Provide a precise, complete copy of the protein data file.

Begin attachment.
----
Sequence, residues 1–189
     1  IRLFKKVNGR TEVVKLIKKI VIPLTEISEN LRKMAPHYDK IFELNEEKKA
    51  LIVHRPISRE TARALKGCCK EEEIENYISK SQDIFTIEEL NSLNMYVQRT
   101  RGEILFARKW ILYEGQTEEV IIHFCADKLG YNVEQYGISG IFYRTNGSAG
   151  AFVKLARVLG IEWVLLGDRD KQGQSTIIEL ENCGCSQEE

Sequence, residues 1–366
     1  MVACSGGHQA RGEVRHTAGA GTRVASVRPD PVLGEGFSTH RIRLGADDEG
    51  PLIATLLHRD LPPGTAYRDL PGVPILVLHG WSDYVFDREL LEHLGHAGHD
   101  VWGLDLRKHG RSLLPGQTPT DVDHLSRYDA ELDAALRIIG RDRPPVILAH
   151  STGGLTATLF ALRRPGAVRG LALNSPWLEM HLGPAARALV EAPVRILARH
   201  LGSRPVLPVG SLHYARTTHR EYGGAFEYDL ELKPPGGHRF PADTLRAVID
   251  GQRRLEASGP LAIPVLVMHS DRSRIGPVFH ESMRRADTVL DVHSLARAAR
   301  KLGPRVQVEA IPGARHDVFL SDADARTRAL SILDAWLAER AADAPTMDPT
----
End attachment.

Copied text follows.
Sequence, residues 1–189
     1  IRLFKKVNGR TEVVKLIKKI VIPLTEISEN LRKMAPHYDK IFELNEEKKA
    51  LIVHRPISRE TARALKGCCK EEEIENYISK SQDIFTIEEL NSLNMYVQRT
   101  RGEILFARKW ILYEGQTEEV IIHFCADKLG YNVEQYGISG IFYRTNGSAG
   151  AFVKLARVLG IEWVLLGDRD KQGQSTIIEL ENCGCSQEE

Sequence, residues 1–366
     1  MVACSGGHQA RGEVRHTAGA GTRVASVRPD PVLGEGFSTH RIRLGADDEG
    51  PLIATLLHRD LPPGTAYRDL PGVPILVLHG WSDYVFDREL LEHLGHAGHD
   101  VWGLDLRKHG RSLLPGQTPT DVDHLSRYDA ELDAALRIIG RDRPPVILAH
   151  STGGLTATLF ALRRPGAVRG LALNSPWLEM HLGPAARALV EAPVRILARH
   201  LGSRPVLPVG SLHYARTTHR EYGGAFEYDL ELKPPGGHRF PADTLRAVID
   251  GQRRLEASGP LAIPVLVMHS DRSRIGPVFH ESMRRADTVL DVHSLARAAR
   301  KLGPRVQVEA IPGARHDVFL SDADARTRAL SILDAWLAER AADAPTMDPT